Press-release №15. The base rate remains unchanged at 14%

The Monetary Policy Committee of the National Bank of the Republic of Kazakhstan has made a decision to set the base rate at 14% per annum with the interest rate corridor of +/- 1.00 percentage points. Consequently, the rate for the liquidity provision standing facilities set on 15% and for the liquidity withdrawal standing facilities at 13%.

The decision takes into account the current balance of risks of inflation in the short and medium term, as well as the updated forecasts of the National Bank. This level of the base rate in the absence of new shocks will ensure a smooth decline in inflation by 2024. Normalization of monetary conditions will occur as the inflationary processes slow down in 2023.

In May 2022, annual inflation continued to accelerate, amounting to 14%. Acceleration of all components of the consumer price index is observed. The largest contribution to annual inflation continues to come from rising food prices. Amid disruptions in logistics supply chains and steady demand, the upward trend in prices for goods with a high import component continued. Inflation was restrained by the moratorium on price increases for regulated utilities and fuels and lubricants.

Although monthly inflation continued to slow down in May to 1.4% (2% in April), it is still high and above the historical average. The low deceleration rate of monthly inflation is associated with both steady domestic demand with a positive fiscal impulse and elevated inflation expectations.

Quantified inflation expectations for the year ahead in May 2022 amounted to 11.7%. In April-May this year, after a sharp increase in March, inflation expectations for the year ahead slightly decreased. The respondents expecting an increase in prices on the horizon of one year linked formed expectations to a rise in the cost of food. The perception of inflation also remains at a high level.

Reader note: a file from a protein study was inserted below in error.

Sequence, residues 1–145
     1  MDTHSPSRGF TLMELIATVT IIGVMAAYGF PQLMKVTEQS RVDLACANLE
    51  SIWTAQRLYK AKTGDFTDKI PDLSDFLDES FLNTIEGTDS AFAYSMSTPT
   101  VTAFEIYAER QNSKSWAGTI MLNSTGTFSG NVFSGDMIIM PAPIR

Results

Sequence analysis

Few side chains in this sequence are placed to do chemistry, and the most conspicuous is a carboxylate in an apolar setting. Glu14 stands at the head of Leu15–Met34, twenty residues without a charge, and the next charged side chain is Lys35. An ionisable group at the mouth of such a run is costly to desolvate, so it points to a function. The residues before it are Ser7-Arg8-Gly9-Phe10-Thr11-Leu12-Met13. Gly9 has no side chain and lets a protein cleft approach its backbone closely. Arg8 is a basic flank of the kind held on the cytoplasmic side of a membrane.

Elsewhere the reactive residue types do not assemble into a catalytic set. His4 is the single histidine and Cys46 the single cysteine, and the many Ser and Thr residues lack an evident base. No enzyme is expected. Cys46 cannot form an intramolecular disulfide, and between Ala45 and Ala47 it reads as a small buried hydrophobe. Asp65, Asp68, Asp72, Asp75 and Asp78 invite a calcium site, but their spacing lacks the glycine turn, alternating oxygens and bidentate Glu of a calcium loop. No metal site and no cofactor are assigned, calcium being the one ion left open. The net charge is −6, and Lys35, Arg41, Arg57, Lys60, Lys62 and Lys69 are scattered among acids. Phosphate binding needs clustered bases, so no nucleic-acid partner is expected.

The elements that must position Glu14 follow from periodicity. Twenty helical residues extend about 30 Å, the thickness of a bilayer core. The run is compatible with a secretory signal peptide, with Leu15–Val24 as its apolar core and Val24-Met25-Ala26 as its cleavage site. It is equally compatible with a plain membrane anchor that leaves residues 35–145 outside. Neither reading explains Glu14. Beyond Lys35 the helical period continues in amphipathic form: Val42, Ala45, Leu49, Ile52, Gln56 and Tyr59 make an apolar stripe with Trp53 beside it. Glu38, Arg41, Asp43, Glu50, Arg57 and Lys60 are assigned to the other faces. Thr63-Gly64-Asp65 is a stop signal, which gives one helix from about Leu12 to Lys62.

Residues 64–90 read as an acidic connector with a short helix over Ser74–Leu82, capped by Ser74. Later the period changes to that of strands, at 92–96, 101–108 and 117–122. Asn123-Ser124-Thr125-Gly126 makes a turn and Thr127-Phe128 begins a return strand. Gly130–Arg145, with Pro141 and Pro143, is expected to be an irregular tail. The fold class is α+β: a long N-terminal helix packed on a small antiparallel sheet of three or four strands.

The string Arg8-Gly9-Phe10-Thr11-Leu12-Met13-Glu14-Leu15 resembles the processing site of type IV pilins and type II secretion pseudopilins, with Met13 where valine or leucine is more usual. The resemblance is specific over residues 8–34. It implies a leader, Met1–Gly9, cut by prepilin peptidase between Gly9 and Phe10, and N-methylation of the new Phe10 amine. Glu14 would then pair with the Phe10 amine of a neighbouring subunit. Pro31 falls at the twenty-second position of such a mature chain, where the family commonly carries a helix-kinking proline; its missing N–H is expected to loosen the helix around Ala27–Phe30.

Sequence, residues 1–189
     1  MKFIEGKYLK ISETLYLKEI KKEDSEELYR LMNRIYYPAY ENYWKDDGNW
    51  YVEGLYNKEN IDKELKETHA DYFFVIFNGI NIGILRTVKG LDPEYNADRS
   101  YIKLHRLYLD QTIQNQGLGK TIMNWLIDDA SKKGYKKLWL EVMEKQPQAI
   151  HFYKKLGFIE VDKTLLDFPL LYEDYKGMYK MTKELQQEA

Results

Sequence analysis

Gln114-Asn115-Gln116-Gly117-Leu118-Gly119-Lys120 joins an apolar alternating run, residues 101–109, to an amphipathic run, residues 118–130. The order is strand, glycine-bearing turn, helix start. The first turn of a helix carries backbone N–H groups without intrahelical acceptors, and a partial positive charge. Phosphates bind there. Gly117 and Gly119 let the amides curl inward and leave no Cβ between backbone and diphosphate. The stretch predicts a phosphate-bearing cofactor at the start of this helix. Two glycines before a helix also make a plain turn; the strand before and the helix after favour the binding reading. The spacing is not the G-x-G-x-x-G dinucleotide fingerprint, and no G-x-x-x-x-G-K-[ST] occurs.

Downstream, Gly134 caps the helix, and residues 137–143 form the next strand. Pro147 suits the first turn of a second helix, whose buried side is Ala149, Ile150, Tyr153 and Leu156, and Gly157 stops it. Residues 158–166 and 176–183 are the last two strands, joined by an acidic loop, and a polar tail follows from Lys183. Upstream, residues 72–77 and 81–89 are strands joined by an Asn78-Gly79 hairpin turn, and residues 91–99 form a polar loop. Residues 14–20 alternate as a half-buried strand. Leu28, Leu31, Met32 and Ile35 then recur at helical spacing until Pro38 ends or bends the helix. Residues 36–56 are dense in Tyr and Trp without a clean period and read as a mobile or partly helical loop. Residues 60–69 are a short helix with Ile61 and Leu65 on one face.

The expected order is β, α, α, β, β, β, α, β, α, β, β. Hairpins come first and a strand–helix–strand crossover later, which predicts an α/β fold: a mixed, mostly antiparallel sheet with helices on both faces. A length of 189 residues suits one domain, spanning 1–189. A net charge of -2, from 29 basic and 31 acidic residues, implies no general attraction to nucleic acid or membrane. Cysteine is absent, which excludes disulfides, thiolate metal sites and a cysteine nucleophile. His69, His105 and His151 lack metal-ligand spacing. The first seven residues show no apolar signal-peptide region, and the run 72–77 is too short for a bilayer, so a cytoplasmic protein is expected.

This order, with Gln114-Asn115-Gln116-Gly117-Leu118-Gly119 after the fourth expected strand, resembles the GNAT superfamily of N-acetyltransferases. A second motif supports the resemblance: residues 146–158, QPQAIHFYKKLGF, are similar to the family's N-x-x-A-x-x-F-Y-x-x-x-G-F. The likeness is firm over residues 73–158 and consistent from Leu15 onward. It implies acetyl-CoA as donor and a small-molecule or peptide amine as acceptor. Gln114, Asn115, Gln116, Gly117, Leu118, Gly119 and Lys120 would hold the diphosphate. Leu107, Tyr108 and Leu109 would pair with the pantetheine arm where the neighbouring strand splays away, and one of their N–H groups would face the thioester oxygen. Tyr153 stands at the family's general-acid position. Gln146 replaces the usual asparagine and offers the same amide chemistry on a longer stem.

The economy is growing faster than expected. In January-April 2022, GDP growth was 4.4%. Despite the geopolitical situation in the world and the accident at the CPC oil pipeline, the economy continued to grow. Amid the rise in world prices for raw materials and the lifting of quarantine restrictions, all major sectors of the economy demonstrated high growth rates.

Consumer demand indicators reflect positive dynamics. Thus, in April of this year the growth of retail turnover recovered after a significant decline due to the January events in the country. In particular, the food products turnover recovered after its fall to the negative zone in the first quarter of this year. Continuing growth of consumer crediting caused a rapid recovery of non-food turnover in February with further acceleration in April of this year.

After a slight slowdown at the end of 2021, the growth of investment in housing construction accelerated in the first quarter of 2022, which is due to the high demand of the population due to the increased volume of early withdrawals of pension savings to improve housing conditions. Against this background, prices in the real estate market in annual terms continue to maintain an upward trend.

The global economy is expected to grow weaker than previously expected. In 2022-2023, the world economy will grow by 3.6% (the previous IMF forecast for 2022 was 4.4%, for 2023 – 3.8%). Consensus Ecs. expects Russia's economy to contract by 9% in 2022 and 1.4% in 2023. China's growth rate will slow to 4.7% in 2022 and 5.1% in 2023. The EU economy is expected to grow at 2.8% in 2022 and 2.3% in 2023.

Inflation in the trading partner countries continues to accelerate. Inflation in the Eurozone accelerated in May 2022 to 8.1% amid rising energy prices, with peak inflation expected in the second quarter of 2022. Inflation in Russia in April this year was 17.8% against a background of rising food and non-food prices. In China, inflation is also projected to accelerate further from the current level of 2.1% in April 2022, but at a more moderate pace due to weak growth in consumer activity.

Despite a slight decline for the second month in a row, FAO food price index remains close to the record levels, amounting to 157.4 points in May of this year. In May, there was a decrease in prices for vegetable oils, dairy products and sugar. At the same time, the sub-indices of prices for grains and meat increased.